Red Beak Orchids
Red-beaks (Pyrorchis nigricans) are found in the southern section of the Reserve and there are a couple of large colonies. They have a rounded leaf that hugs the ground and their flower is produced from a tuber. They grow actively over autumn and winter and then flower over spring, from August to November – flowering is finished by October in the Reserve – and prefer moist heathland or heathy woodland on sandy soils.
The Red-beaks are pollinated by bee (speculated because of the presence of nectar and sweet smell) and via the production of new tubers.
Interestingly, they are supposed to flower after fire sometime in the previous 10 months. There has been no fire in this vicinity for a few years but they are growing in relatively open spaces in sandy soils. Jeanes and Backhouse (2006) explain their flowering is greatly stimulated in the presence of fire– indicated in Duncan’s ‘Response of orchids to bushfire’ (2012), reflecting on the effect of the 2009 Black Saturday bushfires on orchid growth in the subsequent growing periods.
Unlike Red-beaks, Bird orchids are sensitive to the effects of fire – also reflected in Duncan’s (2012) findings.
Bird Orchids (Chiloglottis species)
There are both spring and autumn flowering bird orchids in the Reserve. Records indicate both large flowering (Chiloglottis valida) and wasp orchids (Chiloglottis reflexa) have been seen, in the past.
The flower of this orchid has a large labellum – different sizes for different species – with a group of dark, shiny calli – stalks and buttons – with a particular arrangement – a ‘central, insectiform arrangement’ for the C. reflexa and something different for the C. valida.
It is this arrangement – labellum, calli – but mostly a particular scent mimicking a female thynnine wasp produced by the bird orchid that attracts a particular species of male thynnine wasp. Pollination occurs through this sexual deception and it is possible to tell one species from another by their particular pollinator.
These plants have active seasons of growth and dormancy and grow in areas with a seasonal climate.
Large bird orchid (C. valida)
These low growing bird orchids have been in flower since September. It is difficult to catch sight of these flowers and although described as ‘dull’, they have glowing purple red and green colouring that glistens in the light.
This variety of bird orchid grows particularly in moist montane and sub alpine regions, in damp shaded places in forest and woodland, but also in coastal areas. In the Reserve, there are two large colonies and scattered smaller groups of this orchid which produce two oval shaped (ovate) leaves in their early growing season from underground tubers. While large amounts of seed are produced, most increases in population occur from the underground tubers.
The flower’s calli arrangement – four to ten – occurs in the back two-thirds of the labellum and includes a taller stalked callus at the back, calli in decreasing size ranging to the front, and one broader button on the midline at the front, separated from the rest. It is the broader callus at the centre that the male wasp grasps. The labellum then collapses upwards, and the insect’s thorax picks up pollonia from the base of the column as it clambers out (see an image here), moving on to the next apparent female.
Lowland bird orchid (Chiloglottis species aff. valida 2)
These orchids (see Jeanes and Backhouse, 2006) flower from September to November, at the same time as the Large bird orchids in the Reserve. Their habitat is similar in terms of growing in damp shade in heath, forest and woodland. They have a slightly smaller labellum and have more calli in a different arrangement from the Large bird orchid.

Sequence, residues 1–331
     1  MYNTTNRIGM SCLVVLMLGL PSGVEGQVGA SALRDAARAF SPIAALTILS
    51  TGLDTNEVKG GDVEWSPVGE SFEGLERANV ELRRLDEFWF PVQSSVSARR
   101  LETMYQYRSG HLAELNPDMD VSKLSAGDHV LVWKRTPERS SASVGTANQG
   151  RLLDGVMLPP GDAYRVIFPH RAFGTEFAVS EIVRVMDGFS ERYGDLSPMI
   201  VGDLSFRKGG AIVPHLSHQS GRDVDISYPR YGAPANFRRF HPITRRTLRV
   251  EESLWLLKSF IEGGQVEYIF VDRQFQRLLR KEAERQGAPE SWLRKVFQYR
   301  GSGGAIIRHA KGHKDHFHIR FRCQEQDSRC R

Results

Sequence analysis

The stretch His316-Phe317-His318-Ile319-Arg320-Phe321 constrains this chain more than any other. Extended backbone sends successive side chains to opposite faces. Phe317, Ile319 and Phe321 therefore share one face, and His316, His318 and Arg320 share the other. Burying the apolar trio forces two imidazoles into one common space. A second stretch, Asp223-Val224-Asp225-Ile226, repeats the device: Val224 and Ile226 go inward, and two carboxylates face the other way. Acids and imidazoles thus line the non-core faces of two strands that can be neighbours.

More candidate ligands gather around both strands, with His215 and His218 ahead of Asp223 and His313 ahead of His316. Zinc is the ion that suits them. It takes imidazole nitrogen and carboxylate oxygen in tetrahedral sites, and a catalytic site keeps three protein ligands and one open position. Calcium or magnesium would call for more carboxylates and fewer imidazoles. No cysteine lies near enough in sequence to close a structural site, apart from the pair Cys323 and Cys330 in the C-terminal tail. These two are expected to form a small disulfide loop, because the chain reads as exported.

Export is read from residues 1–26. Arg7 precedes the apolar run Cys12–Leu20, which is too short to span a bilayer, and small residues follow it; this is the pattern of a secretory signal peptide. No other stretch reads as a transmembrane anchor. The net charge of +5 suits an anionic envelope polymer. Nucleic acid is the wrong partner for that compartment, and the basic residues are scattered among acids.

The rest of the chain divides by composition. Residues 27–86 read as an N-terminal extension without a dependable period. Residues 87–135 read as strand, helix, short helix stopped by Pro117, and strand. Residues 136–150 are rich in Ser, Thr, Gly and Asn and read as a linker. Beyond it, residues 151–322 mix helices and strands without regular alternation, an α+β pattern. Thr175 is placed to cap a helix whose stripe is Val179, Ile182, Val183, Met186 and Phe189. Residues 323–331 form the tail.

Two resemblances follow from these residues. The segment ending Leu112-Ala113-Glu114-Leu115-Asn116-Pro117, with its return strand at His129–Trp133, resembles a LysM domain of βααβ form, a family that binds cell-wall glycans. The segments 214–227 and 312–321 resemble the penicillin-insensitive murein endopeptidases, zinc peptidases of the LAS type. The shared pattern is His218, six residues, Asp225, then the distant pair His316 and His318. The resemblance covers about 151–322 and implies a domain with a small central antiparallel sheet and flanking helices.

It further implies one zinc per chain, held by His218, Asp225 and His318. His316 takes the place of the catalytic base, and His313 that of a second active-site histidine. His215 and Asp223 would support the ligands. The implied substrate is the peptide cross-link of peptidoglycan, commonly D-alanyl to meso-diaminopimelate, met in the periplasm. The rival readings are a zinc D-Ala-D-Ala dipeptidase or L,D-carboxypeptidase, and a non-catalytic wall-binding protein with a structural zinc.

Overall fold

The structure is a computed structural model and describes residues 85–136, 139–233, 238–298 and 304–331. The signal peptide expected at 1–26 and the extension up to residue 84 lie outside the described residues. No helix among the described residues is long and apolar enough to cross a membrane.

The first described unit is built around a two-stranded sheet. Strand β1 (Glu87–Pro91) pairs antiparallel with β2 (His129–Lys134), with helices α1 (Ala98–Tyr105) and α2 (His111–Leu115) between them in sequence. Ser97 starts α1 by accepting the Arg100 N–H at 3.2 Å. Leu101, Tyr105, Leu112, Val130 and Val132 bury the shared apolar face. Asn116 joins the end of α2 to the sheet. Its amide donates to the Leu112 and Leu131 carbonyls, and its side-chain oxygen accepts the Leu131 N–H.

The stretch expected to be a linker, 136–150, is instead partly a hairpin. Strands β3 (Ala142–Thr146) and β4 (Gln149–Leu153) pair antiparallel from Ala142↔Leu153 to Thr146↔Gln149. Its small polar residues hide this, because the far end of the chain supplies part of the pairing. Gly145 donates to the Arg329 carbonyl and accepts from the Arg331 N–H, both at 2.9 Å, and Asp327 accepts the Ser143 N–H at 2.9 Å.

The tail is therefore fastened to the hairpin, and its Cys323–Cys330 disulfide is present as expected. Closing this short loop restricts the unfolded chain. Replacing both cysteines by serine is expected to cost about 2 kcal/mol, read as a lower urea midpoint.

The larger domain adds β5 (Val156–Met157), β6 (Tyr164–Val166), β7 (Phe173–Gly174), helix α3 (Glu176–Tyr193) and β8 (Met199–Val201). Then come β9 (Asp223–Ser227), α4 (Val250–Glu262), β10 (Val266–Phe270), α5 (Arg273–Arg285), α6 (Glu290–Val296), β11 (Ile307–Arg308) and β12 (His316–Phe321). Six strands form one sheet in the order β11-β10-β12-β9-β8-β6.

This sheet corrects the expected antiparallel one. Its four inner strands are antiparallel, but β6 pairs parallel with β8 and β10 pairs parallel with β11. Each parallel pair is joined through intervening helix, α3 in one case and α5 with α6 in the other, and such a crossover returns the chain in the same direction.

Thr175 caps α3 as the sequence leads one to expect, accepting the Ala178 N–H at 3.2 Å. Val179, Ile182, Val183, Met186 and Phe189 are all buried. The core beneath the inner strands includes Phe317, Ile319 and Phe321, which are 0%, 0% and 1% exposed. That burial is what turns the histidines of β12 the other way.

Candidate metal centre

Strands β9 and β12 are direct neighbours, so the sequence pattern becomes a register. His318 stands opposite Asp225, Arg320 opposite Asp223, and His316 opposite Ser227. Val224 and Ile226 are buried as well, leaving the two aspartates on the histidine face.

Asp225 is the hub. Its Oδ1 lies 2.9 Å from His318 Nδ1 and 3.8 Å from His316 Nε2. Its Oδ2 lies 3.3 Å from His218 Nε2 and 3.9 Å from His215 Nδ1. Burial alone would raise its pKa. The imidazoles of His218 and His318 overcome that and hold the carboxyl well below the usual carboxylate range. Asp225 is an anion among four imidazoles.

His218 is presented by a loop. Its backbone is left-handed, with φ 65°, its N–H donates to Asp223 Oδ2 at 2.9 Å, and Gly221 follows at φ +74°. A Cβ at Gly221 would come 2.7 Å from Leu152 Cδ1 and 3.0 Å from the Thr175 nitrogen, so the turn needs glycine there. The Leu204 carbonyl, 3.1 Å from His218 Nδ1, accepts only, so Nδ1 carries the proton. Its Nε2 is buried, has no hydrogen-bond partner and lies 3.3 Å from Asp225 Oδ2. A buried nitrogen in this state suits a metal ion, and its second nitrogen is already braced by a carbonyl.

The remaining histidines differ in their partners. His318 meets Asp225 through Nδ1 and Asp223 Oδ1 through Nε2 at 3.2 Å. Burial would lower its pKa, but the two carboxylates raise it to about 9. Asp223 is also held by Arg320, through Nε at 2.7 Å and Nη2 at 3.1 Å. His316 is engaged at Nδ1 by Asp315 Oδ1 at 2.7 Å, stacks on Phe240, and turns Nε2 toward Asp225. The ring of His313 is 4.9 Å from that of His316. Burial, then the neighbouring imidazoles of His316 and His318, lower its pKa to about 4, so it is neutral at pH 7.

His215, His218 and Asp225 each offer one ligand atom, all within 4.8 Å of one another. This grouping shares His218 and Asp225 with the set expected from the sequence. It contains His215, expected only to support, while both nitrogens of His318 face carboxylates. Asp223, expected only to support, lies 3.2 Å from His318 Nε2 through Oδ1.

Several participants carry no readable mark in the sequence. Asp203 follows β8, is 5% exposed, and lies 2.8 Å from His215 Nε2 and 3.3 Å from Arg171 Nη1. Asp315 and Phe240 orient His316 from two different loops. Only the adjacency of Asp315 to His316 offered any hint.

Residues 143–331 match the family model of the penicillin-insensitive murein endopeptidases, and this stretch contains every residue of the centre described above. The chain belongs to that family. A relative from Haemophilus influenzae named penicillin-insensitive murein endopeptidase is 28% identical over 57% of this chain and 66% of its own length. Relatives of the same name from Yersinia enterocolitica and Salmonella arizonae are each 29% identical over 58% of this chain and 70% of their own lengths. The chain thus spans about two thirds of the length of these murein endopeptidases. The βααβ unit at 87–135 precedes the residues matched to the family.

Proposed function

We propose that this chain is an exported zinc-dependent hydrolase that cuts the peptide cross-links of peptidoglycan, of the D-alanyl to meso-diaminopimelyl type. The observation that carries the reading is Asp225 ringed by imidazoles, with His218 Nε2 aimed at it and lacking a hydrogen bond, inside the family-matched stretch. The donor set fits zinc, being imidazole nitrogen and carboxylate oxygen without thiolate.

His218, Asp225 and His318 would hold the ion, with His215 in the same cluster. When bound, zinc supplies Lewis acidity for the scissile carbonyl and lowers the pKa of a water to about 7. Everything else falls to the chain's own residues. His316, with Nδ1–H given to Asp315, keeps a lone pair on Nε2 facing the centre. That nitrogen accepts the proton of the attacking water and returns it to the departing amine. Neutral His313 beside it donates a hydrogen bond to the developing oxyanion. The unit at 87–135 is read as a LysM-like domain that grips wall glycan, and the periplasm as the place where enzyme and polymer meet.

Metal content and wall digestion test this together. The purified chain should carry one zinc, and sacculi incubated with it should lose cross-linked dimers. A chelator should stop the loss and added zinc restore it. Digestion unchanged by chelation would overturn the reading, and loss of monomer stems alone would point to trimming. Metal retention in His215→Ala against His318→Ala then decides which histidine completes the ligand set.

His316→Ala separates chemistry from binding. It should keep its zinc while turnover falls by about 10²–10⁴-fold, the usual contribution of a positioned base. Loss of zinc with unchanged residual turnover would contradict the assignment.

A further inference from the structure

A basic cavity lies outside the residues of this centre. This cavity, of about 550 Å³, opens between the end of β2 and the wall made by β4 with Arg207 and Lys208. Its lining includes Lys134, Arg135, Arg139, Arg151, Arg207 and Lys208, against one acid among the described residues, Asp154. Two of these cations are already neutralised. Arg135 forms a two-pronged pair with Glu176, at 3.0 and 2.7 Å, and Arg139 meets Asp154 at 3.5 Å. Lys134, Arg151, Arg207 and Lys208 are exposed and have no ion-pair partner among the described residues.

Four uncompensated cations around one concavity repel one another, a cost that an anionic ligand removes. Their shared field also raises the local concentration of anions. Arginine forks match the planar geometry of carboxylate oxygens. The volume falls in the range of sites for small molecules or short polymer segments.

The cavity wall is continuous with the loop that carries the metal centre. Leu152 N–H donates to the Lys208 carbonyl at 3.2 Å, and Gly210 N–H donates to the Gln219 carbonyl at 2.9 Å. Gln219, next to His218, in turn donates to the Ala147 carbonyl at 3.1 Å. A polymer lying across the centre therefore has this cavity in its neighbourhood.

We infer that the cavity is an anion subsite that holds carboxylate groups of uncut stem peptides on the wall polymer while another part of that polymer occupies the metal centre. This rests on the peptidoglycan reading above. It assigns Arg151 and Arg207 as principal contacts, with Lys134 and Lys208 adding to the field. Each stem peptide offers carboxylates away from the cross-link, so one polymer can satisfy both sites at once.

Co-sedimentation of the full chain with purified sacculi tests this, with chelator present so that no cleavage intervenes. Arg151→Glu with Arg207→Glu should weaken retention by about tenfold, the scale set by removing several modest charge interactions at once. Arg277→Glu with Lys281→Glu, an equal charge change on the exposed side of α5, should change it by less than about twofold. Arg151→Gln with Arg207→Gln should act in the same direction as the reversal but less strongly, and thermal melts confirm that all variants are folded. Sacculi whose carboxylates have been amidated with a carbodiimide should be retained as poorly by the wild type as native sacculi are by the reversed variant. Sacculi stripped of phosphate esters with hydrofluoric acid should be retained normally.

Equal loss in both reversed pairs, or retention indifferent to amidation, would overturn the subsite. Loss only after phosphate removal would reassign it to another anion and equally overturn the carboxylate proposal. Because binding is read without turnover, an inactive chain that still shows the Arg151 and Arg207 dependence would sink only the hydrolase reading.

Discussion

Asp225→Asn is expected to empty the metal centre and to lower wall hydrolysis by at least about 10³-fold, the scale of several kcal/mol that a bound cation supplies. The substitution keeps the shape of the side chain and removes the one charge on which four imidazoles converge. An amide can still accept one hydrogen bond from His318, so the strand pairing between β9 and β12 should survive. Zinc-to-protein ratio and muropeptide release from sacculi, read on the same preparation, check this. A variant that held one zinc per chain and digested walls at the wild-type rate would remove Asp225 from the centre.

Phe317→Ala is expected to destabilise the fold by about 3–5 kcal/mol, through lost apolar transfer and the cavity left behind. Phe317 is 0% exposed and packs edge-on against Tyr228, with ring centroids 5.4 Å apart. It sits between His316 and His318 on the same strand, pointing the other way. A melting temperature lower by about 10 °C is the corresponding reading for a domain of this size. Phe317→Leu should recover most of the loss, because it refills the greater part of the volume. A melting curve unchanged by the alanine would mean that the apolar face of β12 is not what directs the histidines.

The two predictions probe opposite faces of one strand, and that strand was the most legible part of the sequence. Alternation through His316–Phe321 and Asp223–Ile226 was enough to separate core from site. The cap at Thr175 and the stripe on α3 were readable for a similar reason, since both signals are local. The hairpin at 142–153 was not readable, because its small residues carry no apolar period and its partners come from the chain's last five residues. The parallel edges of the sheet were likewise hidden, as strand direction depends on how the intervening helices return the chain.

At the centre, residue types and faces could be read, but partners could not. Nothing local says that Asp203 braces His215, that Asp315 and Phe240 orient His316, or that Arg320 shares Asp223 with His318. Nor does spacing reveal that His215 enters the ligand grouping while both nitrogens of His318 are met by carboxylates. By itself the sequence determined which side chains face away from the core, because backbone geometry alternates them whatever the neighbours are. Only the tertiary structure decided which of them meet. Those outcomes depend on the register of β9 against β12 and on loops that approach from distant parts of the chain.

The labellum has six to 14 stalked calli decreasing in size from the base to the apex.
Chiloglottis species – C.jeanesii??
This example seems similar to the Mountain bird orchid (Chiloglottis jeanesii). Jeanes and Backhouse (2006) explain the Mountain bird orchid is found in similar conditions to those of C.valida although it flowers from December to January. They also explain that orchid may be more extensive than originally thought, often growing with C. valida and may be locally common in suitable habitat.
A picture of the pollinator will be the way to tell for certain.
Sources and further resources
Bishop, T. (2000) Field guide to the orchids of New South Wales and Victoria. UNSW Press: Sydney
Duncan, M. – DSE (2012) Response of orchids to bushfire. Black Saturday Victoria 2009 – Natural values fire recovery program. http://www.depi.vic.gov.au/__data/assets/pdf_file/0019/203950/VBRRA-P27-web-rev.pdf
Jeanes, J. & Backhouse, G. (2006) Wild orchids of Victoria Australia. Aquatic Photographics: Seaford.
Jones, D.L. (1993) Genus Chiloglottis, PlantNET http://plantnet.rbgsyd.nsw.gov.au/cgi-bin/NSWfl.pl?page=nswfl&lvl=gn&name=Chiloglottis
Mayfield, E. (2010) Flora of the Otway Plain and Ranges 1. CSIRO Publishing; Collingwood.
Pridgeon, A.M., Cribb, P.J. and Chase, M.W. (2001) Genera Orchidacearum: Volume 2. Orchidoideae. Oxford University Press: Oxford. [Google books]
Weston, P. H. (1993) Pyrorchis nigricans, PlantNET http://plantnet.rbgsyd.nsw.gov.au/cgi-bin/NSWfl.pl?page=nswfl&lvl=sp&name=Pyrorchis~nigricans
Xu, S., Schlüter, P. M. and Schiestl, F. P. (2012) Pollinator-Driven Speciation in Sexually Deceptive Orchids. International Journal of Ecology, vol. 2012, Article ID 285081, 9 pages. http://www.hindawi.com/journals/ijecol/2012/285081/
There are some great sites and blogs on orchids. For a couple of good ones for great images and information about orchids:
Retired Aussies.com – http://www.retiredaussies.com/ – select ‘Victoria’
Anglesea orchids – http://www.angleseaorchids.com/